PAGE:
14. However, even if such a error were made in relation to the Impugned Decision refusing Obrenovic provisional release, such an error would not have affected that particular decision. That is because the Trial Chamber has now unequivocally made it clear that it would in any event have refused him provisional release upon the basis that it was not satisfied that he would not pose a danger to any victim, witness or other person.27 That finding is not challenged by Obrenovic in his Leave Application, and no issue has been raised by him as to the effect which the Republika Srpska guarantees would have had in relation to such finding. Accordingly, no purpose would be served by granting Obrenovic leave to appeal against the refusal of provisional release.
15. On the other hand, any error made by the Trial Chamber in relation to the Impugned Decision refusing Blagojevic provisional release may well have affected the conclusion reached. Accordingly, leave will be granted to Blagojevic to appeal from that Impugned Decision.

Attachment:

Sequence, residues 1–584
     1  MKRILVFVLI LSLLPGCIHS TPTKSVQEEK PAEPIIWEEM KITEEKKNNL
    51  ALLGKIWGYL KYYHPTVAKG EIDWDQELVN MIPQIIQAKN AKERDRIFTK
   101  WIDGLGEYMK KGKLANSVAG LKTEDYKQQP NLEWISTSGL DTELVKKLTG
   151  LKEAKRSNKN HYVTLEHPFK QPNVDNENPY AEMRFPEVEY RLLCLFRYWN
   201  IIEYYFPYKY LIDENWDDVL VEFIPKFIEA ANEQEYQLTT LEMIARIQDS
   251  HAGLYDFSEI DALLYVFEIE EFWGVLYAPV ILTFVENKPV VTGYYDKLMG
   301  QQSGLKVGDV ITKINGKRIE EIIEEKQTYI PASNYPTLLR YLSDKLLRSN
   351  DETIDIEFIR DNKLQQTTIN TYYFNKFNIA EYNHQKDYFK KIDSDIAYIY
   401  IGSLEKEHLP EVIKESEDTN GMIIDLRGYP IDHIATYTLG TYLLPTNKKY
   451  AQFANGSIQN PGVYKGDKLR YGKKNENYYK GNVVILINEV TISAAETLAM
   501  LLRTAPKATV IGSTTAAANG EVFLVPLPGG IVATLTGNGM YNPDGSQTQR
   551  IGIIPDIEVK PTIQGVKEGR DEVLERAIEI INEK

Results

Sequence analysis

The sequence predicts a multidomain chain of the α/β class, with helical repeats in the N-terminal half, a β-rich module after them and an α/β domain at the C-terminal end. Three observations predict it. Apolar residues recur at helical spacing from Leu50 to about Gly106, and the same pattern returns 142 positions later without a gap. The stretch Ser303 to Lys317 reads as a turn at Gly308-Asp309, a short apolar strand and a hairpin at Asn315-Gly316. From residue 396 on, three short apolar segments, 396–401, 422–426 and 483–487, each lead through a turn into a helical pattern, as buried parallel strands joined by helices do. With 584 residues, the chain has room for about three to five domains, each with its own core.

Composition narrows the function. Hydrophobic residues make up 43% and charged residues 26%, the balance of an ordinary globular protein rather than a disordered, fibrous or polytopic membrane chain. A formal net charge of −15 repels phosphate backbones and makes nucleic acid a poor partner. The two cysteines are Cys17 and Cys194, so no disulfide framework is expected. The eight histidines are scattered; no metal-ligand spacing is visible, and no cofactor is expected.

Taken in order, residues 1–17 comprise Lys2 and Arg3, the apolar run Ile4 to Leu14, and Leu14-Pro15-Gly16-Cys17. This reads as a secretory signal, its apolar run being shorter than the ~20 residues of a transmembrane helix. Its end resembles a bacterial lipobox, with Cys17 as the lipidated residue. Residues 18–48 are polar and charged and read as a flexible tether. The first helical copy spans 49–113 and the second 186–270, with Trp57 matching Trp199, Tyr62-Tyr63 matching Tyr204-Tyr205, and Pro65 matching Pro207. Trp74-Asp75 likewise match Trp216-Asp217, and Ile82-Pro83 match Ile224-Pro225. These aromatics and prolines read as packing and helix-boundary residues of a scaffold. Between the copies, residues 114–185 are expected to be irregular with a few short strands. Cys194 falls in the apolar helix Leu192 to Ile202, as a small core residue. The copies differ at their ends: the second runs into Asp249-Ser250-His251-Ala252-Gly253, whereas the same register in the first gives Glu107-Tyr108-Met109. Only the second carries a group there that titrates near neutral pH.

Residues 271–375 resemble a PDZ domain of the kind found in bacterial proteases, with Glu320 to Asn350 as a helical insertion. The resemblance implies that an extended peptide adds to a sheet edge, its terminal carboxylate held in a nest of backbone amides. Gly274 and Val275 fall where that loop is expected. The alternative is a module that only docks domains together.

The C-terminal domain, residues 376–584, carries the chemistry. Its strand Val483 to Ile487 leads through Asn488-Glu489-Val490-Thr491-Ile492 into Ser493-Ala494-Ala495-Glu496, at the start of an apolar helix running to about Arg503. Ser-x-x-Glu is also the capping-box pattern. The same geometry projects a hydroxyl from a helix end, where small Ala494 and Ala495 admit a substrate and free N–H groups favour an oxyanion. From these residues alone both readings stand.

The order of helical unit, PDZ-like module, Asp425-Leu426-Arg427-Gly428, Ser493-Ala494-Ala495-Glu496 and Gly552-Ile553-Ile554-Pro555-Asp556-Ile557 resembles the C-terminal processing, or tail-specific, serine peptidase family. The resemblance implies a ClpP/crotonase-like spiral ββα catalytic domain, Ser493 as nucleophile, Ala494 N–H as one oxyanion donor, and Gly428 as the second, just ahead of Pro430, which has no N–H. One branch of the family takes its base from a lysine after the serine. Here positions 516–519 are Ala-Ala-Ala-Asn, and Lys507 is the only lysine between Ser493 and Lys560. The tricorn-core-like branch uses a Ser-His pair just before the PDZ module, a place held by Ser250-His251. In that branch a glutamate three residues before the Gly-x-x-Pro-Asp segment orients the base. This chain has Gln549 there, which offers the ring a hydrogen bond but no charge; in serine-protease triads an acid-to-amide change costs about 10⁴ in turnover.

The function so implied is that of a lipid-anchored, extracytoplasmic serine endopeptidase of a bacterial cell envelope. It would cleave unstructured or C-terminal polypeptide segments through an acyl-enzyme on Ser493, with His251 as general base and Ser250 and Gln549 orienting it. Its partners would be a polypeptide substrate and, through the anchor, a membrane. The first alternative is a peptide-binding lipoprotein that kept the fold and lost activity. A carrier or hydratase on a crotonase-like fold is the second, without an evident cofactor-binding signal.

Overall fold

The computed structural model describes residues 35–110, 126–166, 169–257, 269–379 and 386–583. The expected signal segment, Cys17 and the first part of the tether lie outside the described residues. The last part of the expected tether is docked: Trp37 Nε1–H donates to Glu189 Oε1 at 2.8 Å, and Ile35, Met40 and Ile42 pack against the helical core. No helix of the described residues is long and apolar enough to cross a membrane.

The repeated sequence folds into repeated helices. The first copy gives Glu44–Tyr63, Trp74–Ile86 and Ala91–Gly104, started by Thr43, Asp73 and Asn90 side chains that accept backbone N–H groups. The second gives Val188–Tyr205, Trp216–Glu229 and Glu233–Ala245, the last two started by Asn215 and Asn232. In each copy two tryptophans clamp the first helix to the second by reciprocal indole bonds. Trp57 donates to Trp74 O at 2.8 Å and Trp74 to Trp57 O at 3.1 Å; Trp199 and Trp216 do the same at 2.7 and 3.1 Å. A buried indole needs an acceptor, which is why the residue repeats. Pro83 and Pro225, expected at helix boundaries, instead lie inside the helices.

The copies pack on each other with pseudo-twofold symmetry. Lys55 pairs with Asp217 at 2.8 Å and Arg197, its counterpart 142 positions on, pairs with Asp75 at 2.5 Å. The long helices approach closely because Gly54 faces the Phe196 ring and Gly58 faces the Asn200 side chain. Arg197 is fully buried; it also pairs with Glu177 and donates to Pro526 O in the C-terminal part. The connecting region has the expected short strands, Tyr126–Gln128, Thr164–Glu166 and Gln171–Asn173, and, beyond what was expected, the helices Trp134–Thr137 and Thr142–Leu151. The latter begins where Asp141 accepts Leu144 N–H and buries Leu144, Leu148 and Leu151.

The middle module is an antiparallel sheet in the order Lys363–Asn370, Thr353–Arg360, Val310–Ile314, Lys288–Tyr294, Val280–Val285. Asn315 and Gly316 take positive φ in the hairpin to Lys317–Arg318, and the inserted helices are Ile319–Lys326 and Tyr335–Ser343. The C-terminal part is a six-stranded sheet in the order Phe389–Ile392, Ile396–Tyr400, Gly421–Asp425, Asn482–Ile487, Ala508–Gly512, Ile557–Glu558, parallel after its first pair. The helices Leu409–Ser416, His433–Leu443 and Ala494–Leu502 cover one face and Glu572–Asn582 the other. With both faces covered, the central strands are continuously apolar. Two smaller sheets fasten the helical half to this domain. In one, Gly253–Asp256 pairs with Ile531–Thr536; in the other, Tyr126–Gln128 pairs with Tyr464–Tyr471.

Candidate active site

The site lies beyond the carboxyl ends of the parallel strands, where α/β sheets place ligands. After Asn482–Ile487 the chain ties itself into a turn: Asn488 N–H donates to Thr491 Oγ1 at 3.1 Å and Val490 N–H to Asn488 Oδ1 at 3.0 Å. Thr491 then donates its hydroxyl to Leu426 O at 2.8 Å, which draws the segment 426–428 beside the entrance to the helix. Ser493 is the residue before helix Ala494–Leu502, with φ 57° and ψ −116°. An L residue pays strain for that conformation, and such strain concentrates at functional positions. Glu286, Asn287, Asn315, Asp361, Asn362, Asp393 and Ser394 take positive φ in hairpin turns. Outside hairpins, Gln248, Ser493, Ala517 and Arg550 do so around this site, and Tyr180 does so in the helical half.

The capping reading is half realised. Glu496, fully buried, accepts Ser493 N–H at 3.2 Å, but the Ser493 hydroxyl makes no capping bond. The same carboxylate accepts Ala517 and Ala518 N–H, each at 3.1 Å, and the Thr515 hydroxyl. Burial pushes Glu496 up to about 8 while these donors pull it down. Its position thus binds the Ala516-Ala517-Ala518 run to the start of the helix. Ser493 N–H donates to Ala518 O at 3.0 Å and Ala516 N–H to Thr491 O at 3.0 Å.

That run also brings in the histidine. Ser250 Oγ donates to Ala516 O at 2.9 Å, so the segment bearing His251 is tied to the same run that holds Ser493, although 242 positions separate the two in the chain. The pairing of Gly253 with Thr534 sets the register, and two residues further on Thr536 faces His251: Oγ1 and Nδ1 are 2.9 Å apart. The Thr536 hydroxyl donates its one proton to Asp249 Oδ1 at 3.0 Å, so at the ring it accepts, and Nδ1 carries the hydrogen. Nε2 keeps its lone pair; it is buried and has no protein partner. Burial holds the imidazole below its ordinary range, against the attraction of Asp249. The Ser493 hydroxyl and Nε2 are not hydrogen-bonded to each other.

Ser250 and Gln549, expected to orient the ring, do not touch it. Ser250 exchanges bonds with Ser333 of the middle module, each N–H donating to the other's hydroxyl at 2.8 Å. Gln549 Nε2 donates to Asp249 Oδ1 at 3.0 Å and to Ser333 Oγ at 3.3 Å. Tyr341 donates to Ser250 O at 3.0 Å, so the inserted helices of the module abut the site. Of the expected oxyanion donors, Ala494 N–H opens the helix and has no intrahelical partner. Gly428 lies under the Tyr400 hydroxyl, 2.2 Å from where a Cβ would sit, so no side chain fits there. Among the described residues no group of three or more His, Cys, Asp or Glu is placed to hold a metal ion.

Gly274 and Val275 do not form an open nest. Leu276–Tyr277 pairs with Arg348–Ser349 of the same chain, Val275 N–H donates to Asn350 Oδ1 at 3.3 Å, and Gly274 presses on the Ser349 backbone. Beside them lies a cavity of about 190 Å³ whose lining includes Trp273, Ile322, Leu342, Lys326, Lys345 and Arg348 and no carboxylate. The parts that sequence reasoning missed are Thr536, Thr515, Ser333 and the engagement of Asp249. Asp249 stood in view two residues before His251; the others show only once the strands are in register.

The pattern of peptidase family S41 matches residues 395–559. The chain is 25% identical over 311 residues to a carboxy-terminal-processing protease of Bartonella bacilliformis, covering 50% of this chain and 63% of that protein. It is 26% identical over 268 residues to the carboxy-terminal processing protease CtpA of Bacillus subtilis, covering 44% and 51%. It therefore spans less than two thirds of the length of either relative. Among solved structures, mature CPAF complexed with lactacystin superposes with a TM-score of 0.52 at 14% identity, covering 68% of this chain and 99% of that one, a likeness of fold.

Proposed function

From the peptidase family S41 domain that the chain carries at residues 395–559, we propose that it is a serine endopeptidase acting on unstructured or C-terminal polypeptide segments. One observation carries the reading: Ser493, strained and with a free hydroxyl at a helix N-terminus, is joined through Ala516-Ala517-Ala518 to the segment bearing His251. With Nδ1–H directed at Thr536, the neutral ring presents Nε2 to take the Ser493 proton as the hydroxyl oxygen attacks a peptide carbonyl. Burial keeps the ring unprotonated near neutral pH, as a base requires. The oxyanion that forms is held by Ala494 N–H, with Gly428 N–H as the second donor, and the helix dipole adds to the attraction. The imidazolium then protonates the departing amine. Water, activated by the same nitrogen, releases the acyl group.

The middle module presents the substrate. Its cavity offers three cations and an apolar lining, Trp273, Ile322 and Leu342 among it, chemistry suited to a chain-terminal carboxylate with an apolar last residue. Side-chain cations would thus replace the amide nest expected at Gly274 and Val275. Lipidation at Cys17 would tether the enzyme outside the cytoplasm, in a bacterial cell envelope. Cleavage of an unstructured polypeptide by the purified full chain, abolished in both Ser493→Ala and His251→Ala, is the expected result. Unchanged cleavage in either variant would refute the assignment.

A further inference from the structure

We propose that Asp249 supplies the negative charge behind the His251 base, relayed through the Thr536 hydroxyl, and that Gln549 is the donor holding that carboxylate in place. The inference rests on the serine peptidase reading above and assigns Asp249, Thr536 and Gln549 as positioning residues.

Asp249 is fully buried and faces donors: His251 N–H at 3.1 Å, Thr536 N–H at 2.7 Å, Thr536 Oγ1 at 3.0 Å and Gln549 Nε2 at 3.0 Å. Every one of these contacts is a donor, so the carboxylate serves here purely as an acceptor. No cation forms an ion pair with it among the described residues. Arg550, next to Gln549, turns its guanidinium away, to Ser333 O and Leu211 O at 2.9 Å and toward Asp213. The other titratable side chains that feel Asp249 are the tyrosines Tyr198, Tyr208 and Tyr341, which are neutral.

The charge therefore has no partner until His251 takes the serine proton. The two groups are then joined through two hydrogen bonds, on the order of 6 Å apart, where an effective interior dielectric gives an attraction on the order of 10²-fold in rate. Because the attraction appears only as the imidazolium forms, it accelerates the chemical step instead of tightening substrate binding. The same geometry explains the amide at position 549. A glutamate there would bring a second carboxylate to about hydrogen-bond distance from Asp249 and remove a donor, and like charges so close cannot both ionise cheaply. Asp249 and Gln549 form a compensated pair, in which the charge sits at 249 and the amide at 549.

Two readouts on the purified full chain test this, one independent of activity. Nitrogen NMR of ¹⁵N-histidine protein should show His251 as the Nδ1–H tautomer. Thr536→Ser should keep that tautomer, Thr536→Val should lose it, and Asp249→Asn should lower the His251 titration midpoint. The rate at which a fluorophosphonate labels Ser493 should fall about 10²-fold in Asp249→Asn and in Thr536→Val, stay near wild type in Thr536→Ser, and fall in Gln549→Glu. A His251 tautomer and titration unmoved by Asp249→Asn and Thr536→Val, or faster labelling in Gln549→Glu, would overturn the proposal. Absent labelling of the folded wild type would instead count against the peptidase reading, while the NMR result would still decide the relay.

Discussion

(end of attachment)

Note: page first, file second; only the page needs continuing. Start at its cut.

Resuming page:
16. Nevertheless, in order to avoid any further unfortunate and possibly unnecessary delay in reaching a conclusion in relation to Blagojevic’s liberty, it would be appropriate, particularly in view of the approaching trial date, for any of the parties to request the Trial Chamber itself to clarify the issue raised, or even for the Trial Chamber to clarify the issue proprio motu. In the event that it is made expressly clear by the Trial Chamber that it did take the Republika Srpska guarantees into consideration in reaching the Impugned Decision refusing Blagojevic provisional release, it will be open to the full Bench of the Appeals Chamber to consider whether leave to appeal should be rescinded.
17. Vidoje Blagojevic is granted leave to appeal. Dragan Obrenovic is refused leave to appeal.
Done in English and French, the English text being authoritative.
Dated this 16th day of January 2003,
At The Hague,
Judge David Hunt
[Seal of the Tribunal]